Determining the Composition and Stability of Protein Complexes Using an Integrated Label-Free and Stable Isotope Labeling Strategy

  • Todd M. Greco
  • Amanda J. Guise
  • Ileana M. CristeaEmail author
Part of the Methods in Molecular Biology book series (MIMB, volume 1410)


In biological systems, proteins catalyze the fundamental reactions that underlie all cellular functions, including metabolic processes and cell survival and death pathways. These biochemical reactions are rarely accomplished alone. Rather, they involve a concerted effect from many proteins that may operate in a directed signaling pathway and/or may physically associate in a complex to achieve a specific enzymatic activity. Therefore, defining the composition and regulation of protein complexes is critical for understanding cellular functions. In this chapter, we describe an approach that uses quantitative mass spectrometry (MS) to assess the specificity and the relative stability of protein interactions. Isolation of protein complexes from mammalian cells is performed by rapid immunoaffinity purification, and followed by in-solution digestion and high-resolution mass spectrometry analysis. We employ complementary quantitative MS workflows to assess the specificity of protein interactions using label-free MS and statistical analysis, and the relative stability of the interactions using a metabolic labeling technique. For each candidate protein interaction, scores from the two workflows can be correlated to minimize nonspecific background and profile protein complex composition and relative stability.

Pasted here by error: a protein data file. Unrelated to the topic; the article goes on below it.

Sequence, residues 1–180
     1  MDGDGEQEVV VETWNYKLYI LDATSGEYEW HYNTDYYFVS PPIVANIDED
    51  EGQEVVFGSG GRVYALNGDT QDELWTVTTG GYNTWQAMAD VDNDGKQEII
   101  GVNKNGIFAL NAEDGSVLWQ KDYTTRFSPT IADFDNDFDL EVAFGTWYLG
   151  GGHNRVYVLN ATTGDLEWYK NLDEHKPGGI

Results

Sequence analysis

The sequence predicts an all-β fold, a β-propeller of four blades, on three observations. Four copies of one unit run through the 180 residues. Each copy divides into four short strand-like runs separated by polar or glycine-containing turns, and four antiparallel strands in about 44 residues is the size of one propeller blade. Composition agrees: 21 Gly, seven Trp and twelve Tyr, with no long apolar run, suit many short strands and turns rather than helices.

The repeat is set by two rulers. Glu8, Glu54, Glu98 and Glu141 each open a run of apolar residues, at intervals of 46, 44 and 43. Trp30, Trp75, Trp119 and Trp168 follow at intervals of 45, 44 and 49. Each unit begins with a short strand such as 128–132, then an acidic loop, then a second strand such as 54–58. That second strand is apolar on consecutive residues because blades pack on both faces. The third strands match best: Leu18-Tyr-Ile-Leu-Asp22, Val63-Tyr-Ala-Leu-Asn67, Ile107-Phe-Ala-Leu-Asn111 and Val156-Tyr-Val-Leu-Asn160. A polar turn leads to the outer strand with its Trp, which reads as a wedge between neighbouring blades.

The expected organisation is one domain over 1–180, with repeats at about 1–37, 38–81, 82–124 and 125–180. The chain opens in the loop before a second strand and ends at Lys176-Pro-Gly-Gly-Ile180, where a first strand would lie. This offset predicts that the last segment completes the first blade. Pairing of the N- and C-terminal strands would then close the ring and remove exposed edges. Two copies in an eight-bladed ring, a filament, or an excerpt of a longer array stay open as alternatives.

Key words

Affinity isolation Immunoprecipitation Protein complexes Protein interactions Stable isotope labeling quantification Label-free quantification SAINT I-DIRT 



We are grateful for funding from NIH grants R01GM114141, R21AI102187, and R21 HD073044, an NJCCR postdoctoral fellowship to TMG, and a NSF graduate research fellowship to AJG.


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Copyright information

© Springer Science+Business Media New York 2016

Authors and Affiliations

  • Todd M. Greco
    • 1
  • Amanda J. Guise
    • 1
  • Ileana M. Cristea
    • 1
    Email author
  1. 1.Department of Molecular BiologyPrinceton UniversityPrincetonUSA

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